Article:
# [time-nuts] How can I measure GPS Antenna quality?

Mon Nov 21 11:22:50 EST 2016

```On 11/21/16 6:54 AM, Attila Kinali wrote:
> On Sun, 20 Nov 2016 14:13:58 -0800
> Hal Murray <hmurray at megapathdsl.net> wrote:
>
>> If I gave you a pile of data, how would you compute a quality number?  Can I
>> just sum up the S/N slots for each visible/working satellite?
>
> There are multiple issues. As already mentioned, SNR is only a part of the
> picture. What you are looking for is an uniform gain pattern over most
> of the hemisphere, with a sharp decrease at low elevations. Then the
> left vs right polarization ratio should be as high as possible over
> the whole hemisphere (most antennas only have good polarization ratio
> at the zenith and behave like a linear polarized antenna at low elevations).
>
> Additionally to this comes the phase center stability. Ie that the phase
> center is a fixed location, independent of azimuth and elevation. And this
> is probably the hardest to measure.
>
> Absolute (and probably the most precise) measures of these properties are
> done in an anechoic chambers with a rotating antenna mount.

I'm not sure about whether an anechoic (which is really "hypoechoic")
chamber is going to get you the data you need.  Calibrating the chamber
to the needed level of accuracy might be harder than doing field
measurements.

It might just be because there's a ton of analysis software out there,
but the folks who really, really care about 0.1 mm shifts in phase
center seem to use field data in a well characterized site, and
accumulate it for a number of days.

The GPS antenna folks at JPL, when they're testing a spacecraft antenna
for things like precision orbit determination (a basic choke ring sort
of thing) go out with the antenna and a test receiver on a cart in a
parking lot.

Looking at it in terms of numbers:
1mm is 1/150 wavelength, or about 2-3 degrees of phase.

sin(2 degrees) is 0.034, or -30dB.  So a spurious reflection that is 3
cm different path length (modulo wavelength) and 30 dB down will give
you a 1mm phase center error.  0.1 mm is -50dB.

Now, it's true that if you had a good spherical near field range, with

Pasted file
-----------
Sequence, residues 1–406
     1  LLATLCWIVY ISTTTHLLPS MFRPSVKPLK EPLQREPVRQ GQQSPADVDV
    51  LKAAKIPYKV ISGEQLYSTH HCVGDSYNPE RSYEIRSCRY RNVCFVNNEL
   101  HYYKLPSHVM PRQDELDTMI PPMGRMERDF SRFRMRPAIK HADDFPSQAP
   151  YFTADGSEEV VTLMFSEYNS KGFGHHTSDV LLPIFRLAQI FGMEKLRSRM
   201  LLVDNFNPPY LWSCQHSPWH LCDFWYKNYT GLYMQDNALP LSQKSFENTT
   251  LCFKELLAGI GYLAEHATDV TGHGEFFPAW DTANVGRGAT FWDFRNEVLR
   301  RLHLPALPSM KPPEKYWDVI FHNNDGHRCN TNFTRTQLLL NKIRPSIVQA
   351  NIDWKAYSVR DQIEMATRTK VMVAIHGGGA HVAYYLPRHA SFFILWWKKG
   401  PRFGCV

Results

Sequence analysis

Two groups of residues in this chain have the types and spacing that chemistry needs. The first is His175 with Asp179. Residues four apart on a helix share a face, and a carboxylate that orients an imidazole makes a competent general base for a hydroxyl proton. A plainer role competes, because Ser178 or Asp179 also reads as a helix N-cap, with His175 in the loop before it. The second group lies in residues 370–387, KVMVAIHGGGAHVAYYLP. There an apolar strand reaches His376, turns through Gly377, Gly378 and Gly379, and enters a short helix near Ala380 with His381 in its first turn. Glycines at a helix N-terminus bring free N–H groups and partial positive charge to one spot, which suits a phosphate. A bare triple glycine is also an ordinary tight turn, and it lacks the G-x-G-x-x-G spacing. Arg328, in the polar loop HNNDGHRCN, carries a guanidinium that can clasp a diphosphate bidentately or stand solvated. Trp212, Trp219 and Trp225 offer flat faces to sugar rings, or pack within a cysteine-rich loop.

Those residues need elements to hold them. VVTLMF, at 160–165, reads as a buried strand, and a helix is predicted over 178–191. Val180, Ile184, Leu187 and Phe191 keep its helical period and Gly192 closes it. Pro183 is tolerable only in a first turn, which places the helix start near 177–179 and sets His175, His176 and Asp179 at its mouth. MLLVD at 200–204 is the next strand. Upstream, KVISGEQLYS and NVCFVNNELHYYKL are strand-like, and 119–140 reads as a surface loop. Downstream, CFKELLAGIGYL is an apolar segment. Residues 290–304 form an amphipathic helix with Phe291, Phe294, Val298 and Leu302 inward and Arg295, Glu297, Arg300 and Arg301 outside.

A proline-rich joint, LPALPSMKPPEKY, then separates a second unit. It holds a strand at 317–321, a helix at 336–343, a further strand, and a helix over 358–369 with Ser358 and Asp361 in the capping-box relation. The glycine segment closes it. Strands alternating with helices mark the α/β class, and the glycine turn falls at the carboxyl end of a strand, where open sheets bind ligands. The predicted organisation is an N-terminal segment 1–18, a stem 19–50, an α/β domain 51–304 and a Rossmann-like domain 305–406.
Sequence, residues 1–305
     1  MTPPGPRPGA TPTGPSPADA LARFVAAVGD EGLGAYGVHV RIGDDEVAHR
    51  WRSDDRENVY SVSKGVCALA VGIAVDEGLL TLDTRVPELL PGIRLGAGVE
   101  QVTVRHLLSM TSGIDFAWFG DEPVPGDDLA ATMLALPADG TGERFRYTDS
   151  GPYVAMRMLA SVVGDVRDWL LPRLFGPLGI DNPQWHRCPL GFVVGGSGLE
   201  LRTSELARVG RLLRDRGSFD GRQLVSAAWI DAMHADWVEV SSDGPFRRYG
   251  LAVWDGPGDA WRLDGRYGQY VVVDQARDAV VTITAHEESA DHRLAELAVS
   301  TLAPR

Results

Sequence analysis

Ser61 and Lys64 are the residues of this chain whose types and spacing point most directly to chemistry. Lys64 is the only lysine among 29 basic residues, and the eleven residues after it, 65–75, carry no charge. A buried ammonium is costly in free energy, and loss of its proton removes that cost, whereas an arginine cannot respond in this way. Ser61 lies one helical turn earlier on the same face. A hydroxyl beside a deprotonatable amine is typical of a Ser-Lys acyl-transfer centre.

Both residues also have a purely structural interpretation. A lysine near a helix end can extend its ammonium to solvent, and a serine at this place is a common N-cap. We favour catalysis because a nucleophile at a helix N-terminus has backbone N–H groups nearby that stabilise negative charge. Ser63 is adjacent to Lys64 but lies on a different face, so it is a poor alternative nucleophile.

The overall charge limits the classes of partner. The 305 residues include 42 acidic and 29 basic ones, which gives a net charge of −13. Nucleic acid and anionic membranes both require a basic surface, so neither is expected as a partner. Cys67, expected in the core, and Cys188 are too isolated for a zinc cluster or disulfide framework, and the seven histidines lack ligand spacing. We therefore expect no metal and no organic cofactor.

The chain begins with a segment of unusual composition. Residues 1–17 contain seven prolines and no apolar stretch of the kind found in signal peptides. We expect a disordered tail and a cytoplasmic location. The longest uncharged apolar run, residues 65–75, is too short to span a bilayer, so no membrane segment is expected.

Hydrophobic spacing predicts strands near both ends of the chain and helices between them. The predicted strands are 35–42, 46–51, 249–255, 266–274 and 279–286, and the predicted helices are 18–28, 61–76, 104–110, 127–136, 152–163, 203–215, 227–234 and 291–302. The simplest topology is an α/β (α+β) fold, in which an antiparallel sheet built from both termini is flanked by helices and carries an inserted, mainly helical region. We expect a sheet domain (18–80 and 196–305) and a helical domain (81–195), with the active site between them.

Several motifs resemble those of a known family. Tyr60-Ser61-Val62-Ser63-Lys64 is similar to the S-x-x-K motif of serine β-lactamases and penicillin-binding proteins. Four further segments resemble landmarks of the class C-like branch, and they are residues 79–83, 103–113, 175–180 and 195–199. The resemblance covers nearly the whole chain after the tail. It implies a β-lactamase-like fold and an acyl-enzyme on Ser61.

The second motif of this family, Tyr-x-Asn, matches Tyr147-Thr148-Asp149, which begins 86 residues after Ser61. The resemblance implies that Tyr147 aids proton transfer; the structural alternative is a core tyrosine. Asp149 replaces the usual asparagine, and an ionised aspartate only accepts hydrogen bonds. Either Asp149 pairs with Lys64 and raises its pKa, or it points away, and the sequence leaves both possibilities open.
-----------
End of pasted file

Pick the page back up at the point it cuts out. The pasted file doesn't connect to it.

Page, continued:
time gating, you can probably get rid of the reflections from the
chamber (and, in fact, you can do the measurements in a regular lab, or
your garage). But even there, it's tricky, because the probe calibration
has to be very good, and the structure supporting the scanning probe
also has to be accounted for.  You might be able to do it by doing
transmit/receive measurements on something like a spherical target of
appropriate size.

I've done measurements on what was essentially an interferometer with a
2 meter baseline, in a conventional chamber on a conventional pedestal
(JPL Mesa 60 ft chamber  http://mesa.jpl.nasa.gov/60_Foot_Chamber/).
You could easily see -40dB specular reflections as the array rotated.
(and you could also see things like the ladder on the positioner behind
the antenna we accidentally left in there, even though it was behind the
horn antennas in the array)

I think a good test using satellites and a very well characterized
comparison antenna in a open air test site is probably the easiest, and
most accurate, way to do it.
Arranging your test on a post well above the terrain, and making sure
that the surface is flat is easy.

>
> The second way to do it, is to use a "known good" reference antenna and
> use this as a comparison with a short (3-15m) baseline between reference
> and antenna under test. For additional fancyness and to get better results
> one can add the antenna onto robotic arm (like on the picture in [1]) and
> get a more complete picture of the antenna. In this setup you want to have
> an as fancy receiver as possible. At the minimum it needs to support carrier
> phase data. The better receivers allow you to connect two antennas to the
> same receiver and do a direct phase/amplitude comparison of the signals.
>
> For the equipment hobbyists usually have, the phase center is not that
> important. Most antennas have a variation <5mm. Even 10mm would lead to
> just a ~33ps variation. Ie for the normal GPSDO that has a loop time constant
> in the 100s to 1000s seconds and is using "normal" receivers, this is
> completely drowned in the noise of the receiver's PPS output. Having good
> sky view and as little multipath as possible is much more important.
>
>
>
> 				Attila Kinali
>
> [1] https://www.ife.uni-hannover.de/aoa-dm-t_absolute.html
>

```